12 April 2023Analysis

NRRA warns of ‘devastating impact’ on RRGs from Florida bill

The National Risk Retention Association (NRRA) has warned that the recently introduced Florida Bill 516 could have a ‘devastating impact’ on risk retention groups (RRGs) in the state, if the bill is passed.

The bill proposes revising the definition of the term “motor vehicle liability policy” and defining the term “risk retention group”.

The Florida House Commerce and Senate Appropriations Committee is to have a hearing on the bill on Wednesday April 12th.

According to the NRRA, if passed, Florida Bill 516 will have a devastating impact on not only trucking and transportation risk retention groups registered in Florida, but actually every RRG writing commercial liability, including auto.

“Hundreds, if not thousands of RRG owner-insureds could lose their coverage,” the NRRA said in a statement. “The Bill’s passing may also open the door to other significant potential threats to risk retention groups in other states and for other types of risk retention group entities.”

The NRRA added that Bill 516 also potentially threatens to regulate the business of 96% of the risk retention groups registered in Florida.

“If passed, starting July 1, 2023, Bill 516 will potentially impact 96% of the 140 risk retention groups registered in Florida from continuing their business,” said the NRRA. “If history is any example, regulatory intervention calculated in response to the bill could actually disqualify or interfere in a number of ways with RRG commercial liability insurance.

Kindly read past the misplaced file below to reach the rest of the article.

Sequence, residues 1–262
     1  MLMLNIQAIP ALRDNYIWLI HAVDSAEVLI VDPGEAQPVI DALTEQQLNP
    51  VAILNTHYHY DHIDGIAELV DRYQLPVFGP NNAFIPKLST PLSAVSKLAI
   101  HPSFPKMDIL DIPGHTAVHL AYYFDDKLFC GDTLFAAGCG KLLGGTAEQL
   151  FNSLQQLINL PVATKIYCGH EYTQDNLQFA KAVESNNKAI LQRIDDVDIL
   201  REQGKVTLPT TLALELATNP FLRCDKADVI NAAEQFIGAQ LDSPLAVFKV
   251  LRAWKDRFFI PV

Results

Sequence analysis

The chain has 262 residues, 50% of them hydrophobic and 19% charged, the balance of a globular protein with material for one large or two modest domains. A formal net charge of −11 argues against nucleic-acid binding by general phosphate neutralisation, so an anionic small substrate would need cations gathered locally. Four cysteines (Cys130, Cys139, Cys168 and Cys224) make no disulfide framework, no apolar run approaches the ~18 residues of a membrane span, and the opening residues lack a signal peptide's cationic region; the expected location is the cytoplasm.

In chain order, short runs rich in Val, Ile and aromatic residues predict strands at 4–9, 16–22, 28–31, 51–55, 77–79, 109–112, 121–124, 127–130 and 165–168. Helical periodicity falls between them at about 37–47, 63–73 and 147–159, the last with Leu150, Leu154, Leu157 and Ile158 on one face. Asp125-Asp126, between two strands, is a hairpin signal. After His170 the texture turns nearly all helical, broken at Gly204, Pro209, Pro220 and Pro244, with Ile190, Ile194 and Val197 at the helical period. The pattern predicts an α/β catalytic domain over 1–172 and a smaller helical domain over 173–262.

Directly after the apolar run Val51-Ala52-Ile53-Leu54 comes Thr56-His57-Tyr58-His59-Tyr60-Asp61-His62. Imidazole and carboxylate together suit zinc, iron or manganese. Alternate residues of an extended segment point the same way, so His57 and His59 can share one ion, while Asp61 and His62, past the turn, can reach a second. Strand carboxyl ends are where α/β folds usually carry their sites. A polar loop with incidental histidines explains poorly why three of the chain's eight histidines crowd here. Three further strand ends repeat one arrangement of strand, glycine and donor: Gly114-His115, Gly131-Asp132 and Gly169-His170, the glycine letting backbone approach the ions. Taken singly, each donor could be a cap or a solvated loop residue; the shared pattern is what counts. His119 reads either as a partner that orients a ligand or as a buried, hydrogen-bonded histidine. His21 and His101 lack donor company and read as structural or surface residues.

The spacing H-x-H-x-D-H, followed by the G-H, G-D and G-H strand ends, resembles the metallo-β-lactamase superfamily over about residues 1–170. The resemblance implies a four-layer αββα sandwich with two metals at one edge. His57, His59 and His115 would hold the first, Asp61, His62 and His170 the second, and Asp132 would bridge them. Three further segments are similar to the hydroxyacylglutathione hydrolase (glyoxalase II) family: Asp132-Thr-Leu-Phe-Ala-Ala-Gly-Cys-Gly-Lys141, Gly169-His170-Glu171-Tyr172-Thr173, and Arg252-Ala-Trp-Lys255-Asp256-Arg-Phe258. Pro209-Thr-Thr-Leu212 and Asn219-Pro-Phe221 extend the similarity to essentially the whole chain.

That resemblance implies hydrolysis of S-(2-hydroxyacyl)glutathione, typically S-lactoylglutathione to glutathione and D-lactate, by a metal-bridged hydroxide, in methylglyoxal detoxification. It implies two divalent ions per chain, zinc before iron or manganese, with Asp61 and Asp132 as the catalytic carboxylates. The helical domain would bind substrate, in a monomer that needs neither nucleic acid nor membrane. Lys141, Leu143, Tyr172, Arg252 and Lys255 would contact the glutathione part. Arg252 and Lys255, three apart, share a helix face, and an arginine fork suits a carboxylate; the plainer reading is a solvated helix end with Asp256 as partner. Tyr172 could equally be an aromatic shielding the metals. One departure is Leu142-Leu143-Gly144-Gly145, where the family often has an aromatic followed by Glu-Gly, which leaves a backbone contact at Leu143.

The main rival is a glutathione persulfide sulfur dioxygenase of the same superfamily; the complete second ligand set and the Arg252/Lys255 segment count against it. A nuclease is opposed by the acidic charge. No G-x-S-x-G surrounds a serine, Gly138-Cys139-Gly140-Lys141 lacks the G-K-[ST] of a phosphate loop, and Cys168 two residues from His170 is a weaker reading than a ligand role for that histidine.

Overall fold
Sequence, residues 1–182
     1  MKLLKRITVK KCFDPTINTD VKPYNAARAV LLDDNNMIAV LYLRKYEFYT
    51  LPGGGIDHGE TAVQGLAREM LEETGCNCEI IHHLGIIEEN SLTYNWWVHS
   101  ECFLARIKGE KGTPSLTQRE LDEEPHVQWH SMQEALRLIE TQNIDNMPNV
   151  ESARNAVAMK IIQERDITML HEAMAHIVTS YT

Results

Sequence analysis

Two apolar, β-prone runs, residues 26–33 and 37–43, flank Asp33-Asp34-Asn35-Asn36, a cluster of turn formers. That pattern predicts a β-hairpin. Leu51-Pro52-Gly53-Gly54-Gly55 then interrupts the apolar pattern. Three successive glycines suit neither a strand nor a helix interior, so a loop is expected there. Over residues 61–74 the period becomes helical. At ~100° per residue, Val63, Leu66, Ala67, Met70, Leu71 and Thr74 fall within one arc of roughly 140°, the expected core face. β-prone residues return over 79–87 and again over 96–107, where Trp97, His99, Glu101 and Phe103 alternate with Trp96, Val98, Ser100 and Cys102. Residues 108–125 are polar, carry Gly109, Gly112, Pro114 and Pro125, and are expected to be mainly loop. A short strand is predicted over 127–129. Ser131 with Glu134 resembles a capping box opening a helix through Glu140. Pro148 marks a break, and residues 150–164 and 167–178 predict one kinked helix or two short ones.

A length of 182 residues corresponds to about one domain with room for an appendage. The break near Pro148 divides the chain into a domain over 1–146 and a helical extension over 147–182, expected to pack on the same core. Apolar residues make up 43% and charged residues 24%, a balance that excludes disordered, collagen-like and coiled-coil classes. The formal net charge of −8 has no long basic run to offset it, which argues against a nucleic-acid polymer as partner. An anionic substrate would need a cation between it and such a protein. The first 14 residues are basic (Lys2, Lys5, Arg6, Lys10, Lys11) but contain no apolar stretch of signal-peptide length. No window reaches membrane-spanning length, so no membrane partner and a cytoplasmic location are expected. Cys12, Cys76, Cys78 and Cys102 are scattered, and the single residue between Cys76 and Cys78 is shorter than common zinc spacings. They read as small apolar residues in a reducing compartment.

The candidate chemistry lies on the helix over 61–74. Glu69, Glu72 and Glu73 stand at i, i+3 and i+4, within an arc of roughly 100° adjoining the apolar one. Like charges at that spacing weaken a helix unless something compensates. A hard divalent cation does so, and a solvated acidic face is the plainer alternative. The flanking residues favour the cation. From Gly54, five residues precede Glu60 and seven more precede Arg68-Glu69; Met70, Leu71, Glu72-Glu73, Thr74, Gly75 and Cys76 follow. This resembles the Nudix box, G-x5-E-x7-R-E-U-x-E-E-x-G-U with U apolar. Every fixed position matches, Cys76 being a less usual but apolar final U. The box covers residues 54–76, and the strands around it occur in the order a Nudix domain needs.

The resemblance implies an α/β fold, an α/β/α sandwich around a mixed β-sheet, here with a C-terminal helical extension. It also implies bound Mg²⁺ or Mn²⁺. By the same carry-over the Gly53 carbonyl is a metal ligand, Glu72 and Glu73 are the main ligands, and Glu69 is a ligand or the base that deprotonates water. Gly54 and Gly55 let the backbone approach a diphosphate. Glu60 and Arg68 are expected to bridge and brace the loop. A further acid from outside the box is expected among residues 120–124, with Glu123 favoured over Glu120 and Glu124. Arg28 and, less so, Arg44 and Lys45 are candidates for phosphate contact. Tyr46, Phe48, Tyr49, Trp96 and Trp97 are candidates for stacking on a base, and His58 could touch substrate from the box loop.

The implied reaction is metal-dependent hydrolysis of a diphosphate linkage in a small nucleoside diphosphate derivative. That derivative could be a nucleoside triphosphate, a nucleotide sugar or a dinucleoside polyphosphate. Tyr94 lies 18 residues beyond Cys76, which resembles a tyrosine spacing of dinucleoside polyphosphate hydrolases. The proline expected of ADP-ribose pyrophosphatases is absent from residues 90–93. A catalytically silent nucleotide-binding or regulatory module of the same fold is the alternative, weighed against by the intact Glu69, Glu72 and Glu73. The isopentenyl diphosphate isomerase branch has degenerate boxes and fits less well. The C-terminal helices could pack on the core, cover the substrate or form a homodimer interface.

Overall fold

“We need to stop this bill before it passes because, if it passes, suing the state will take years and will be too late to help these impacted RRGs.”

The NRRA also claimed that Bill 516 is in violation of Federal Law.

It said that: “By imposing the requirement of an AM Best “A” rating and a minimum financial size status of $100M in capital surplus) in order for an RRG to write commercial auto liability in Florida, the Bill unlawfully A) seeks to regulate risk retention groups, and B) unlawfully discriminates against risk retention groups that do not have to or cannot obtain such ratings. Both are categorically preempted by the Federal Liability Risk Retention Act, as NRRA has helped established in numerous legal decisions in recent years.

“If Florida can get away with violating the federal law by making any financial rating a requirement to do business in their state, it may set a precedent to make other states bolder to do the same thing.”

On March 31, NRRA sent a letter and enclosures to the Senate Appropriations Committee, explaining in detail its opposition to S0516 and how the Bill will, if adopted, potentially eliminate the presently available commercial liability insurance provided to hundreds and probably thousands of Florida businesses.

The association said that it is asking all interested or potentially impacted members to make immediate arrangements to assist it in its continued opposition effort to this bill by contacting it.